Normally, I would have said she celebrated her 102nd birthday, but this year it was not much of a celebration. When I called that morning to wish her a happy 102nd birthday, she answered the phone, but I could tell she was crying. I asked her what was wrong. She said it was a very sad day. So I asked why. She said her daughter Pamela had come with her husband and Aunt Marian’s great granddaughter to wish her a happy birthday; but the staff of the retirement home would not let them come through the front door because of the safety restrictions put in place to help prevent the spread of the coronavirus.
With my cousins standing in the foyer while my Aunt Marian was in the lobby, separated by the glass windows and doors, all they could do was wave at each other. The most I could do was assure her that I would come and celebrate with her as soon as the situation improves and visits are permitted again. At this point, however, I worry more that my Aunt Marian will die of a broken heart rather than from the coronavirus. Indeed with very limited family visits since March, she has declined rapidly and has been moved from her apartment to assisted living.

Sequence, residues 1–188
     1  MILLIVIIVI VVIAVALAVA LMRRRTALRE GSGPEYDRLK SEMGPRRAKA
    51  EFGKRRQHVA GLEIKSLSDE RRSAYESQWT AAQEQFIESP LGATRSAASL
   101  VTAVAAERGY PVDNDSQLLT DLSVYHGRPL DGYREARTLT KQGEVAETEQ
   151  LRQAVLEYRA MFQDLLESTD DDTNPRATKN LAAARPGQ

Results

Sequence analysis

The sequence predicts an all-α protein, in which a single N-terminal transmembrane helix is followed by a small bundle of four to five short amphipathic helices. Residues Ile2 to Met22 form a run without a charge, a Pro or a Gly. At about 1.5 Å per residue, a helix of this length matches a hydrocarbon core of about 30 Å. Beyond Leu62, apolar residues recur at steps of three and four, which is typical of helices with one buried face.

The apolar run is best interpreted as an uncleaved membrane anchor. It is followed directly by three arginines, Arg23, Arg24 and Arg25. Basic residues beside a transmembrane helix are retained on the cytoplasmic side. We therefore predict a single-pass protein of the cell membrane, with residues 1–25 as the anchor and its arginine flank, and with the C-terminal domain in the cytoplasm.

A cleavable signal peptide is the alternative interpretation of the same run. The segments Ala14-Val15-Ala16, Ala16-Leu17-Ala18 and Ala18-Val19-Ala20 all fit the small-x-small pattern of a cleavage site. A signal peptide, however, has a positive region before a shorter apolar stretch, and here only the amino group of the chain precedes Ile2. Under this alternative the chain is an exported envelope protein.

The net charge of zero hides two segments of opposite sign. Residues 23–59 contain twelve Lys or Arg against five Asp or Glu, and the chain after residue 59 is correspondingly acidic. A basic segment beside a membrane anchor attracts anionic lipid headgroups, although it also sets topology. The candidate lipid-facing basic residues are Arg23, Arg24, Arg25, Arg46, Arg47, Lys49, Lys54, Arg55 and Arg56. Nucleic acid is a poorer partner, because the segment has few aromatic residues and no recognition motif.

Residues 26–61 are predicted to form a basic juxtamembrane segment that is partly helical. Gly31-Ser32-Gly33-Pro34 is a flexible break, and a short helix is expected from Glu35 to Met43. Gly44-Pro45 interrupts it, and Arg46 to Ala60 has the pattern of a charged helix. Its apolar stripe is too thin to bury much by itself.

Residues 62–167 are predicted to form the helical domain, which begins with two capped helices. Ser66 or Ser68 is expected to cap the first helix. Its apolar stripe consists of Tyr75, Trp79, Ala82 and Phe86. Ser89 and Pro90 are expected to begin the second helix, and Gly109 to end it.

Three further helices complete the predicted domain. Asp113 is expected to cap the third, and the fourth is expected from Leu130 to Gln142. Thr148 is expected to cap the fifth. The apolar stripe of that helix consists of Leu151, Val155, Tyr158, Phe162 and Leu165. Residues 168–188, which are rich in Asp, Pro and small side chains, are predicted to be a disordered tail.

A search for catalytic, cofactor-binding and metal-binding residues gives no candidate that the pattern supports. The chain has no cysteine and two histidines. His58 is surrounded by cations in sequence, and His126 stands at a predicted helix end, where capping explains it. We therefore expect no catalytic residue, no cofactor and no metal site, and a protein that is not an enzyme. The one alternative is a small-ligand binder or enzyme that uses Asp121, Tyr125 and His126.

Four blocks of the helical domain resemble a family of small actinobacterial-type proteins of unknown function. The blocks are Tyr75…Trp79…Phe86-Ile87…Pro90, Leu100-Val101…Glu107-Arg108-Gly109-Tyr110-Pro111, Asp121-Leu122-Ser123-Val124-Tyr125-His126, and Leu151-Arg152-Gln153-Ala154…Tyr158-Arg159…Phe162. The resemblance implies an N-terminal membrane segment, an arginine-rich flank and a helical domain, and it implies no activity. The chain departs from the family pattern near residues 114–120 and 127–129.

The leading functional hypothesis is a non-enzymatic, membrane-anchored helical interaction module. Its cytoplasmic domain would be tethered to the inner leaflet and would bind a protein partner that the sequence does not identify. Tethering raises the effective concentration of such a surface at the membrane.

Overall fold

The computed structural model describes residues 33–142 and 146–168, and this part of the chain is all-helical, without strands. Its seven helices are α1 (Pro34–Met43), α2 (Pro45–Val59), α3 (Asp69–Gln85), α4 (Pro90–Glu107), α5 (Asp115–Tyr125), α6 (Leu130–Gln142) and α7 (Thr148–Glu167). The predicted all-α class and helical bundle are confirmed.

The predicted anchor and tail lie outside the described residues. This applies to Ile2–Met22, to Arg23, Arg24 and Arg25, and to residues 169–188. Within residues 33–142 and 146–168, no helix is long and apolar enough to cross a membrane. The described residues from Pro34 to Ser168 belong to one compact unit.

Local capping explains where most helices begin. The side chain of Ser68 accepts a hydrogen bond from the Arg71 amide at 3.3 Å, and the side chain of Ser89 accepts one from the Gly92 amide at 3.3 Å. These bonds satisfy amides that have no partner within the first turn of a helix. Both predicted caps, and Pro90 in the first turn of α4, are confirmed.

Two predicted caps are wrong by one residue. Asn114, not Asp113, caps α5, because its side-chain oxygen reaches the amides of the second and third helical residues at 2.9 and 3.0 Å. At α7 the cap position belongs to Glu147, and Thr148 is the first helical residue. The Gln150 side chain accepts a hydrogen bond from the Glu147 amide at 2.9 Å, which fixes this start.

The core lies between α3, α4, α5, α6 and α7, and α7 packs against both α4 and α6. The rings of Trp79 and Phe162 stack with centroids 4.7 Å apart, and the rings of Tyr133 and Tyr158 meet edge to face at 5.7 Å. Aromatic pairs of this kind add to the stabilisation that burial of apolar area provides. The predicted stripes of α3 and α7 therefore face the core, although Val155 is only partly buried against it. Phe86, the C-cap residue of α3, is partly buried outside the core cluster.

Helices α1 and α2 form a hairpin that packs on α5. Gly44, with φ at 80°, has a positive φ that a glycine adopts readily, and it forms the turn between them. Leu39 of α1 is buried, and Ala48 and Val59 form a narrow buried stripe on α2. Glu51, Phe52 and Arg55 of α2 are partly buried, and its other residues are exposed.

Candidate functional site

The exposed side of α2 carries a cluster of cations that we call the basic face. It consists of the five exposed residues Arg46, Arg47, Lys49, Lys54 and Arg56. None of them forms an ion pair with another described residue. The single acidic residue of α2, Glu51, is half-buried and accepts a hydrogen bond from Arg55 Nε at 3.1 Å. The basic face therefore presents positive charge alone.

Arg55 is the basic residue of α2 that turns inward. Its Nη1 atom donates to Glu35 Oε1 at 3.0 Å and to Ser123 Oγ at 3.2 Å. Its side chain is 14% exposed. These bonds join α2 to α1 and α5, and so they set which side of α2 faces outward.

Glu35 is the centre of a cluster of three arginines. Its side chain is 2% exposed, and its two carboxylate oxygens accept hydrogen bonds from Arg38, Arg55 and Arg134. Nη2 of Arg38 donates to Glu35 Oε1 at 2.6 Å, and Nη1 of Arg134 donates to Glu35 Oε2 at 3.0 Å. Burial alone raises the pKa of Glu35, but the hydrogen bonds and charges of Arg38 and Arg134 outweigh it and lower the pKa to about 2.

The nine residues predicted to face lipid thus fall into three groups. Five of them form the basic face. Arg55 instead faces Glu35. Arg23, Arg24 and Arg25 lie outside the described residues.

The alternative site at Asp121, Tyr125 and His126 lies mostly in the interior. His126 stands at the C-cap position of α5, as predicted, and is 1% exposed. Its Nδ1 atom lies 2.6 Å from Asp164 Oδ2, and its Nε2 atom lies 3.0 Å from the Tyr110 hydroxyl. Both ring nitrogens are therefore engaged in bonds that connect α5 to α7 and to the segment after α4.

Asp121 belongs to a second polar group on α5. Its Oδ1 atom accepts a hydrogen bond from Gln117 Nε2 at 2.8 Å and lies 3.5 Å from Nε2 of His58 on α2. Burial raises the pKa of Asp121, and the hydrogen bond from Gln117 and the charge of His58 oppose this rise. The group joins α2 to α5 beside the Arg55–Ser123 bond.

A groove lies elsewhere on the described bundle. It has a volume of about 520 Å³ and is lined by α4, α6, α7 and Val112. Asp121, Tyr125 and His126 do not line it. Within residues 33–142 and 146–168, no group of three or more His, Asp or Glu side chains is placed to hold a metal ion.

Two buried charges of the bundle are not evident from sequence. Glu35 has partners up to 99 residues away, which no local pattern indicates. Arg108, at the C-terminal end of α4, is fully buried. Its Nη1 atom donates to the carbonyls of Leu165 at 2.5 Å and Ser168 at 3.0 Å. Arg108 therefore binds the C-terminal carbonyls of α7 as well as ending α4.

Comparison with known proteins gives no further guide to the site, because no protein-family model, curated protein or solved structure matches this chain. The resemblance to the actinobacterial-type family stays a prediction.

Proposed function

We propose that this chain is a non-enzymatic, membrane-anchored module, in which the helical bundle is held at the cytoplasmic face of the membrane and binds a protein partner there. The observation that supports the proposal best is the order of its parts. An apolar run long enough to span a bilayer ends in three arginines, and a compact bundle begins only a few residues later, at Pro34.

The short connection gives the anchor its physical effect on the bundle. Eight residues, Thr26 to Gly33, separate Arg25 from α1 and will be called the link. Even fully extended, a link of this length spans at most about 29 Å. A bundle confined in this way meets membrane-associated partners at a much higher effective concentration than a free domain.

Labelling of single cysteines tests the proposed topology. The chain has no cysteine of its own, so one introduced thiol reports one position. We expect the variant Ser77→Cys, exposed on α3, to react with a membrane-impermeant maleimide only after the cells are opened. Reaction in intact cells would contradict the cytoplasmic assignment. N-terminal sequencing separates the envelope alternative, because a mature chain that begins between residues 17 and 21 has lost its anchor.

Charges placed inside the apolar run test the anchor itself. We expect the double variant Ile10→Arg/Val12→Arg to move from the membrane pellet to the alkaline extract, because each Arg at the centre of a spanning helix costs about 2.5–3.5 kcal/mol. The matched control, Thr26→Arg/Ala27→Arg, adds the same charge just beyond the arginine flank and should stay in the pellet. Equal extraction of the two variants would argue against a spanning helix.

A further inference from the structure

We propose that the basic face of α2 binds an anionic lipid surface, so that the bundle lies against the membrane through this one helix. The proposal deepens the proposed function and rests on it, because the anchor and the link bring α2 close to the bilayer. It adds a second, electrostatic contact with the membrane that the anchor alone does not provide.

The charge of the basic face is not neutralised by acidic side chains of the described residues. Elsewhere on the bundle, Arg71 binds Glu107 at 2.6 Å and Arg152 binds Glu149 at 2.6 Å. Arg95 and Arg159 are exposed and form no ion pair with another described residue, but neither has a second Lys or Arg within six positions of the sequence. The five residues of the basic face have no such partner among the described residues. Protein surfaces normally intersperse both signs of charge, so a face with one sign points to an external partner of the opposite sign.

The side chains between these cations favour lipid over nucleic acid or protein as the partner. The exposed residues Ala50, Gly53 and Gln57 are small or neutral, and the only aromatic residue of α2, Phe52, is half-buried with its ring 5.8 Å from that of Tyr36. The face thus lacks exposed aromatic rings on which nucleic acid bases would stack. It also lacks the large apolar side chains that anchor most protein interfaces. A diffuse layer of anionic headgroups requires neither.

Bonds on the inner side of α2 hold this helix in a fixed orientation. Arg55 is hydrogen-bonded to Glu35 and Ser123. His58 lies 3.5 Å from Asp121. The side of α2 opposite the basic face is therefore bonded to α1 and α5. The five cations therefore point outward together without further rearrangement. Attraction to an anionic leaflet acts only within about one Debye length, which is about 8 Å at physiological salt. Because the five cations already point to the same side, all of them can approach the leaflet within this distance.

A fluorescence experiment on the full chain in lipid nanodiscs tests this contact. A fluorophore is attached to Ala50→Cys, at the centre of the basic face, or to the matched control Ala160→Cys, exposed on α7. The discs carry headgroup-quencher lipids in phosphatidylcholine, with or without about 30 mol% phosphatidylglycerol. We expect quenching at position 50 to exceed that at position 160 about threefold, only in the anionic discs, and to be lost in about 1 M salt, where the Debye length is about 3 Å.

Painful scenes like this are playing out across the world. A couple of days after my aunt’s birthday, I received an email from a former Swiss Guard who wrote, “The virus took my dad Alberto in just three days. My parents live in [northern Italy], I’m an only child, my poor mom can’t go out, nobody can go in, they took my dad’s body and told my mom they will bring her some ashes in a month or so. Awful!”
Yes, this is awful. Even spouses within the same nursing home have been confined to separate spaces and not allowed to see each other for months.5 As we all try to cope as best we can under these circumstances, it is crucial that we not forget the role that our faith can and must have in the midst of a crisis such as this. While attention rightfully focuses on the advice of health care experts and the decisions that government officials must make to protect public health and safety, we must at the same time keep God front and center in our awareness and maintain a vigorous life of prayer, trusting in God’s providence to deliver us from evil and affliction.
A more favorable outcome occurred with the 92-year-old father of a 63-year-old man whom I ordained to the priesthood this past June. The father’s family was making plans for him to watch the ordination and first Mass of his son via livestream rather than in person. The father told me, “I am 92 years old. I have had a good life. If it is the last thing I do, I am going to be at my son’s ordination and first Mass.” He attended both events in person with appropriate safety precautions, and thanks be to God, he suffered no ill effects by doing so.